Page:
We miss a lot when reading the English Bible. We’re at a great disadvantage. The early Christians read the writings of the apostles in the original language – they understood the words and expressions must better than we do. The original language of the Bible is full of rich imagery, stark reality, and colorful terminology.
For example, Paul writes that he considers all things as refuse that he might gain Christ (Phil 4:8). We lose the impact of his graphic language. Paul wrote in Greek and in Greek the word refuse means human waste or crap. In Paul’s day it might have been the equivalent of the “sh–” word forbidden in proper communication. Paul used crude language, and it was very graphic for the original readers. Our English translations are very “proper”.
(Picture: Steve sitting on old stone Roman toilets in Philippi, filming in “Paul, Contending for the Faith“)
As a Pharisee, Paul tried to earn his righteousness by his self-righteous efforts and pride. But now that he has learned of faith in Christ and salvation by grace along, he considers his old efforts and self-righteousness to be nothing but crap. English Bibles santize this wording for us :-)
Let’s look at another crude example. In Galatians 5:12 Paul reacts to the Jewish converts who tried to make the Gentiles get circumcised. They said the pagans must be circumcised and obey all the 613 laws of Moses to be saved (Acts 15:1). The heretics made Paul so mad that he says he wished the false teachers would not just cut off the foreskin of the penis but slip and cut the whole thing off. Ouch!
Everywhere else this Greek word is used in the New Testament, it is translated “cut it off” but in this passage most prim and proper English translations render the word as “mutilate themselves” though a few say “castrate themselves” or “go all the way and emasculate themselves.” Paul didn’t mince his words, nor hide his anger and frustration.
(Picture: Ancient flint knife, the kind used for circumcisions in biblical times)
One of my favorite gold nuggets that I discovered in the New Testament is a Greek word used only twice in the whole New Testament. This word relates to God’s two creations. By reading the English Bible you would never know these two different passages use the same Greek word. But you would never know it from reading the English. When you dig deep you find gold!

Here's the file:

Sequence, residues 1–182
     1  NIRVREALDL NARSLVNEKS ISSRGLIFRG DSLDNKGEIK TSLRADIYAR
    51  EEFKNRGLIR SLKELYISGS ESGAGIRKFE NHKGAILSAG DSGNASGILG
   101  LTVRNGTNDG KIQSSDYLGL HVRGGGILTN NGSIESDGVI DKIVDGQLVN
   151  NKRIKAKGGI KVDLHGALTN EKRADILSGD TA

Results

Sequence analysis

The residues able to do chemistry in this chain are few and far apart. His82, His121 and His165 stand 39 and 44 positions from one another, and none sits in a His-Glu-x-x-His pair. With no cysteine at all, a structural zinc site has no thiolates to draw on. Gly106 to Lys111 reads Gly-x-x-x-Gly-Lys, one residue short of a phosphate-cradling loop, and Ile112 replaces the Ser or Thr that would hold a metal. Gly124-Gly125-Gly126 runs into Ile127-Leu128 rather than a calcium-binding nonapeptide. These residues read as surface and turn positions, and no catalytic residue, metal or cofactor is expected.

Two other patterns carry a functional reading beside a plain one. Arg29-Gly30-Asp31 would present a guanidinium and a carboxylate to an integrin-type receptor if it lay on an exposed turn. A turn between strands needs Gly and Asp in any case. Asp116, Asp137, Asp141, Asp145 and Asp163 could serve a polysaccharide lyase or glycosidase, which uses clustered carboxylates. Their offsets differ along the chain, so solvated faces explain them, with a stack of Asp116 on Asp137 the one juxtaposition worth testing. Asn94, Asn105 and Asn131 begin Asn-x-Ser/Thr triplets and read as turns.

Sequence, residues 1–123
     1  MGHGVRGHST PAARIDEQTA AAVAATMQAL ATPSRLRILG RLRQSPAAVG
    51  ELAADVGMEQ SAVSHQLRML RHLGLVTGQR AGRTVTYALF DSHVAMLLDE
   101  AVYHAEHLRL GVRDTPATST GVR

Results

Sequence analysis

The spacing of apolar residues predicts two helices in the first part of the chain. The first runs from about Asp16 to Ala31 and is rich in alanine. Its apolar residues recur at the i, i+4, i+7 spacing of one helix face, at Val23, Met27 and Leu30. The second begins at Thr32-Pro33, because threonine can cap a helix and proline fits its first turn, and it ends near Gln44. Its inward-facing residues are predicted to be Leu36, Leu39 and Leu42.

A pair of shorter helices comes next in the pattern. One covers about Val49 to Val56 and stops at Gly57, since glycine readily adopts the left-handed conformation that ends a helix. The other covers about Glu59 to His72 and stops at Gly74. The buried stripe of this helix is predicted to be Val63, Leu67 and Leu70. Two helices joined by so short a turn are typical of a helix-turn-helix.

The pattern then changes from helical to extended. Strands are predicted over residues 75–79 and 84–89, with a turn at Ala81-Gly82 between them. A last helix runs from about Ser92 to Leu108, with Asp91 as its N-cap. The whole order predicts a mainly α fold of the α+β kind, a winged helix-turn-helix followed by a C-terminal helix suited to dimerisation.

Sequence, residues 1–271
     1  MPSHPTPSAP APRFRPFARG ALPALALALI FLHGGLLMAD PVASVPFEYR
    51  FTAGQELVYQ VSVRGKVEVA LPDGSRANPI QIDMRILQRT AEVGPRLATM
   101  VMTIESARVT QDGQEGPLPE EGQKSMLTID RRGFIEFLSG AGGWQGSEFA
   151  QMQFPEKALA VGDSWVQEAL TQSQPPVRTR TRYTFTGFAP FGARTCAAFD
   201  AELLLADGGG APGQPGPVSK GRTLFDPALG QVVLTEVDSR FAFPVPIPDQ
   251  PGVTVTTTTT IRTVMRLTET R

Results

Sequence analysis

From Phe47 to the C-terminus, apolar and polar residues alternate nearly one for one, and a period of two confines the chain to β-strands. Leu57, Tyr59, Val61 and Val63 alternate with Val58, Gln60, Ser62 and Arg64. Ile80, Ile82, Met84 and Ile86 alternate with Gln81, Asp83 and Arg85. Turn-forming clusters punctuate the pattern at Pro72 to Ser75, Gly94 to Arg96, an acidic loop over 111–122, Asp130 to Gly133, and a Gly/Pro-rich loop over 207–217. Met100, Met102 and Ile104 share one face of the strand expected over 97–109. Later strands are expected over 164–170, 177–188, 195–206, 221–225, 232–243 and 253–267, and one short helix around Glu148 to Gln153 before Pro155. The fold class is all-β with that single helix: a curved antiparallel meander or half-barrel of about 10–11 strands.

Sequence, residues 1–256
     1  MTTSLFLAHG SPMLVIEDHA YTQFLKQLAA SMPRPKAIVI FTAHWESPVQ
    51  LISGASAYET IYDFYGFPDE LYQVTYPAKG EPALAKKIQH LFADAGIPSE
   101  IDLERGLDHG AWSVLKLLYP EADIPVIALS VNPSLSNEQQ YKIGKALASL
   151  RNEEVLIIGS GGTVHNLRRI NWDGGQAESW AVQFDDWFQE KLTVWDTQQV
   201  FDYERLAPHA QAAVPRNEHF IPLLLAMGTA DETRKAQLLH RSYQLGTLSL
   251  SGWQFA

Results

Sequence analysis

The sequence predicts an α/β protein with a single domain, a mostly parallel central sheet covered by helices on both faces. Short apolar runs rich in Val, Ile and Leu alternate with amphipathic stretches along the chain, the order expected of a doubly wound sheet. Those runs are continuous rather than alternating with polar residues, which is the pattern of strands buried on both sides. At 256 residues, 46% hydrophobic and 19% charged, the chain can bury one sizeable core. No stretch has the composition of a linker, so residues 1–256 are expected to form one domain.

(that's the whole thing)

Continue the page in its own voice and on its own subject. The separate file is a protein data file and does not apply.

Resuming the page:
What are these two creations of God? The first is obviously the physical world created “in the beginning.” The second creation is the Church, into which we are ‘born again” through baptism, a new creation. Both creations were “born” out of water with the Spirit of God hovering over the water (Gen 1:2; Mk 1:9-110, John 3:1-5).
Ready? Well here are the two verses; I have italicized the English words that have the Greek word in common:
First, the physical creation: “Ever since the creation of the world his invisible nature, namely, his eternal power and deity, has been clearly perceived in the things that have been made” (Romans 1:20).
Second, the spiritual creation: “For we are his workmanship, created in Christ Jesus for good works, which God prepared beforehand, that we should walk in them” (Ephesians 2:10).
Was I right? Would you have known that the underlying Greek word in both verses is poiema? It is the Greek word from which we get our English word poem. In Romans 1:20, five English words are used to translate one Greek word: poiema which refers to the physical created universe. The word workmanship is what you are, what the Church is. The poem of the Church includes you.
So, God has “written” two poems: the physical world and the Church. God is a poet, He is an artist, and his two great works of art reveal much about Him as an artist. You can learn a lot from looking at the paintings of an artist or by reading the pages of a poet. Just as any poet can be understood by reading his work, so God can be understood to some degree by reading his poetry.
Go out at night and look at the sky – ponder the masterpiece of God’s creation. Look at the symmetry and beauty of a flower, the power and creatures of the oceans, the majesty of mountains and thunderstorms. Then look at the Church around the world as she redeems sinners. Think of the billions of people that have accepted her embrace and been born into a heavenly family, a culture of love and blessings. Two marvelous, breath-taking creations.
Any you? You are part of God’s two creations, you are written into his poetry and painted on his canvas. He treasures you. You are not a random mass of molecules that happened to appear on lonely planet earth spinning meaninglessly around the sun. No, you are part of God’s glorious poetry that angels admire and God cherishes. Be proud, be thankful! Live worthy of your place in God’s heart.
So, the New Testament is rich in its vocabulary. It is richer than the English language reveals. Like Paul says, anyone that tries to please God by their meager human efforts has nothing but crap to show for it, unworthy of the kingdom of God. Anyone who says we must be circumcised to be a Christian opposes God’s plan of free grace. Paul wanted them to castrate themselves.
Actually the New Testament is rich in imagery and figures of speech. You are blessed to be freely made part of God’s two creations. You are beautiful. The Word of God says so!